Prof. Dr. Christian Rödl on One of the Greatest Challenges Facing Humanity

In this interview, Prof. Dr. Christian Rödl, Managing Partner and Head of CSR at Rödl and Partner, talks about the interplay between politics, business, and the law in order to pave the way for a more circular value creation and sustainability

by Natascha Zeljko | Oct 11, 2022

1. Why does this topic have to be on the agenda of every company? Or to put it another way: Why is it worthwhile?

We have to face up to climate change. It is one of the biggest threats to humanity, but less than ten years remain to mitigate the worst impacts. Business as usual cannot be sustained. On the contrary, each individual bears responsibility – including businesses.

The European Commission published a new draft directive in 2021 to create a uniform framework for sustainability reporting – the Corporate Sustainability Reporting Directive (CSRD). The draft already reveals that companies will have to disclose information on their climate impact in the future. In terms of content, this also includes disclosures on resource use and Circular Economy.

Regardless of whether companies are directly or indirectly affected by the reporting obligation – transparency requirements are increasing. Companies are thus faced with the challenge of assessing their business model and their own corporate processes for circularity.

2. What are the biggest challenges?

Many companies are only at the beginning of this process. Reviewing all material and energy streams in your company and making them transparent is a time- and resource-intensive process.

Nevertheless, with the help of this data, companies can develop a strategy for achieving holistic circularity. However, the focus of the Circular Economy today is often on how to reduce energy consumption and carbon emissions. But that’s not all – waste generation, water, and raw material consumption, as well as product design and ownership also play a critical role. In view of the current energy crisis, companies should also consider the possibilities of decentralized power generation (via photovoltaic, wind) to contribute to the energy transition.

We do not yet think and operate sufficiently in cycles.

3. How would you convince people who are still critical about this topic?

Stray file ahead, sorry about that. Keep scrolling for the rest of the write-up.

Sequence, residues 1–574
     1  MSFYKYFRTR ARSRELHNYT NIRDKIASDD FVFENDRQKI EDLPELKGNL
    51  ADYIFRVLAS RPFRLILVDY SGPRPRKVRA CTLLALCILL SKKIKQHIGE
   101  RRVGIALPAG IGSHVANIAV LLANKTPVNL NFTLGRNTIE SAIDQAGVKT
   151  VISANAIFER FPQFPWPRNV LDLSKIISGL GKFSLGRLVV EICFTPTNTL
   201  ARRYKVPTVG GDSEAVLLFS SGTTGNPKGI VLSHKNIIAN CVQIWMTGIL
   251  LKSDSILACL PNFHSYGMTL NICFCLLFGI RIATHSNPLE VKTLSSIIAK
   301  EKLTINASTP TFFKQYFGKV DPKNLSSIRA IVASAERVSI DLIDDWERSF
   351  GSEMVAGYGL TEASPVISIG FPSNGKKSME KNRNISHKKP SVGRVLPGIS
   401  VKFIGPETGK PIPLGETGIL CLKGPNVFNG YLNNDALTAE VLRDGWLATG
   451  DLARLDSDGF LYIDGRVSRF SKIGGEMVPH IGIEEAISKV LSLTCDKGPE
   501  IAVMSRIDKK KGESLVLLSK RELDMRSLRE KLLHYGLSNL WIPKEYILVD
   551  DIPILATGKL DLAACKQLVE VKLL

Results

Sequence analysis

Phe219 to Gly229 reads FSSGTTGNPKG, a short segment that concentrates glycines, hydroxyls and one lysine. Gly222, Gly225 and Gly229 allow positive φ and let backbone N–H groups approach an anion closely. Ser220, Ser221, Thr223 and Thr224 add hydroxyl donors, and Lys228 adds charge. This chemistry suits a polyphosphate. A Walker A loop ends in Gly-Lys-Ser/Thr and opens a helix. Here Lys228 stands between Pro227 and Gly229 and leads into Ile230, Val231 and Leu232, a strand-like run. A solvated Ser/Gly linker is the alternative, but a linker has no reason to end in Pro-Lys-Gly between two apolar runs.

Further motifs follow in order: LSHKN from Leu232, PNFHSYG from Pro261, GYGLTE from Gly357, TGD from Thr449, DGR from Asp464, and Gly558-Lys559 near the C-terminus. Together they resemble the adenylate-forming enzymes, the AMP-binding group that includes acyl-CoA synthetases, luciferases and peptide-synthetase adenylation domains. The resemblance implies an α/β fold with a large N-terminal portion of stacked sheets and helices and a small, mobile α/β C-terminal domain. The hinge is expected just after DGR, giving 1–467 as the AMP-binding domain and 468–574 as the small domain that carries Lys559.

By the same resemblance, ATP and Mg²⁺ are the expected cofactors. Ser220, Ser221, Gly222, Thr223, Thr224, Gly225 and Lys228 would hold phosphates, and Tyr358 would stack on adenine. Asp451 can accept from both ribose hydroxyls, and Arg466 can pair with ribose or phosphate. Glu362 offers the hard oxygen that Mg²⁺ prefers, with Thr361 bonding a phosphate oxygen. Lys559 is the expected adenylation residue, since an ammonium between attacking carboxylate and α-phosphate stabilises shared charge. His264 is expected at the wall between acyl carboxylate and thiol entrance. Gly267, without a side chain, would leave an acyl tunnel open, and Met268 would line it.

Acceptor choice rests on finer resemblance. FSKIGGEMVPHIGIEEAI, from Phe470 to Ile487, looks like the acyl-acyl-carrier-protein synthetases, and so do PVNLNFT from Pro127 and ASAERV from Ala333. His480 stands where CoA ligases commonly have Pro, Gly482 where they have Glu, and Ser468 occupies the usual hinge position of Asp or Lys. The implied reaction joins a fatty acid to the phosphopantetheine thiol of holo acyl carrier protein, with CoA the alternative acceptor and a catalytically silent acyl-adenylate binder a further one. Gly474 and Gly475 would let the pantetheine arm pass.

The circular economy decouples economic activity from the consumption of finite resources, thus securing the long-term existence of our planet, civil society, and businesses.

4. A thought-leader, book or podcast you would recommend?

As a thought leader: Ernst Ulrich von Weizsäcker. He was co-president of the Club of Rome and published the books Faktor Vier and Faktor Fünf.

Furthermore, I would like to recommend the Circularity Gap Reports. The recent publication has revealed that we only cycle around nine percent of what we use – which leaves a massive circularity gap of over 90 percent.

“It takes collective effort, but in the face of the global consequences of climate change, we must act now.”

5. What are the key requirements for the Circular Economy to succeed and eventually become standard?

All change starts from the mind. In the context of the Corona pandemic and the current energy crisis, we have proven that change is possible. It takes collective effort, but in the face of the global consequences of climate change, we must act now.

Launching innovative ideas, however, is not enough to achieve a systemic approach to the Circular Economy. We need a shift in societal thinking as well.

Now, how do we do that? Through educational programs in schools, environmental management systems in companies and open public discourse. Sustainability and circular thinking must be translated into complex systems. At the same time, policymakers can tighten the regulatory framework – for example, by taxing single-use plastic or carbon dioxide. In general following the principle, punish the bad and promote the good. Finally, companies can support green start-ups through partnerships and by rewarding innovative spirit.